A discussion of perennial herbs wouldn’t be complete without including sage. There may not be a more versatile plant in the garden. Mostly that’s because there are so many different types of sage.
They’re great to have in your garden for several reasons. Pollinators love them and in turn pollinate your entire garden. Most types flower profusely and they are very hardy perennials. Still, bloom will always benefit from deadheading.
Another advantage is that most sage types tend to repel deer. At least the deer don’t often eat the sage. Rabbits avoid them too. They’re even supposed to keep mice away. Some people advocate planting sage around the edge of the garden. That couldn’t hurt.
Once established, sage tolerates drought pretty well. It will grow in partial shade but performs better in sunny places. Clay soils can be a problem, but sage thrives in acid as well as alkaline soils.
So what exactly is sage? Sages are in the genus Salvia. There are a ton of salvias, both annual and perennial. Common garden sage has grayish green rough textured foliage. Leaf surfaces almost look pebbled like a football or basketball. This is the most common cooking sage and is often used in poultry stuffing.
It shouldn’t end there. This is a very flavorful herb that brings out the flavor of many foods, especially meats. It’s great in marinades or sautéed with oil or butter to flavor it.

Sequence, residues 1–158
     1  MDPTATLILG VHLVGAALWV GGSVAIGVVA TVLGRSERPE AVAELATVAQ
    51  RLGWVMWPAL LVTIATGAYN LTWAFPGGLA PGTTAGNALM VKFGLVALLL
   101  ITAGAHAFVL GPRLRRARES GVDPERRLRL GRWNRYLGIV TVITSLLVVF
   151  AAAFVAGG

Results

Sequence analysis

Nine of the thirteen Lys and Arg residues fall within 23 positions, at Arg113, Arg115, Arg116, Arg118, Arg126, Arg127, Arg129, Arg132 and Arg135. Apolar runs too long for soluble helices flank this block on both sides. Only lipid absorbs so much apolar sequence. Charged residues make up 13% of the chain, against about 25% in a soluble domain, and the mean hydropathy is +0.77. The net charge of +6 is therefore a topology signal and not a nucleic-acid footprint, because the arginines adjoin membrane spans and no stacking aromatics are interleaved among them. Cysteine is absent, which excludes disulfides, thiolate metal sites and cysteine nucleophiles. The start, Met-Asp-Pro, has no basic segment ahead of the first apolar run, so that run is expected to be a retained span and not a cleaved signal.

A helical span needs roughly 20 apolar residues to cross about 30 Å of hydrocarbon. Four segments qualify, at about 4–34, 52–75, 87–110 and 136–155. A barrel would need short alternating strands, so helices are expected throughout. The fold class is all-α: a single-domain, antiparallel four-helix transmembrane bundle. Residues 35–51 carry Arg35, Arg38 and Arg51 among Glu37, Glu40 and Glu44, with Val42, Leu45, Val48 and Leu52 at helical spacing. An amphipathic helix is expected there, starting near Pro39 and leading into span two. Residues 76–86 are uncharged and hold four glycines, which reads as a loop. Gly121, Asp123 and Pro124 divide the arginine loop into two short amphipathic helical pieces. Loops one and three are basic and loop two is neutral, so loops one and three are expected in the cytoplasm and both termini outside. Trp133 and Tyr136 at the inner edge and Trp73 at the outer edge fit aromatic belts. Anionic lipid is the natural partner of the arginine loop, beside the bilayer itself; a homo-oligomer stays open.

Sages can be upright or creeping. Many varieties are variegated. Some are even purple, although the purple sages usually don’t bloom as much. Some are very fragrant, while others have little aroma.
We often visualize sage as having blue to purple flowers, but my favorite is pineapple sage. It is less hardy than most perennial sages, but the bright red flowers and pineapple aroma make it a must for the herb or perennial garden. It can get tall but pruning it only makes it prettier. Hummingbirds and butterflies love it too.
Pineapple sage also makes a great cut flower and it dries well for flower arrangements. Green leaves also make a great tea, but much of the flavor is lost when drying them.
Sage has antimicrobial properties and has been prescribed by herbalists for nearly every problem known to exist. That’s a slight exaggeration, but sage preparations have been used to treat food poisoning, sore throat, breathing disorders, digestive problems and bad breath. Sage also has diuretic properties and will lower blood sugar.
Sage also has strong antioxidant properties and that could be part of the reason it has a wide usage in holistic medicine. It’s used as a general pain reliever and has even been mentioned as a possible treatment for Alzheimer’s. Relieving skin disorders like dandruff or acne are also common claims.
Side-effects are common with pharmaceuticals. They are also prevalent with herbal medicines. Sage contains a compound called Thujone, which can be toxic in high doses. It can cause seizures and liver and nervous system damage. Research all herbal medicines like you would synthetic ones. Always consult your doctor.
Ted Manzer teaches agriculture at Northeastern High School (firstname.lastname@example.org).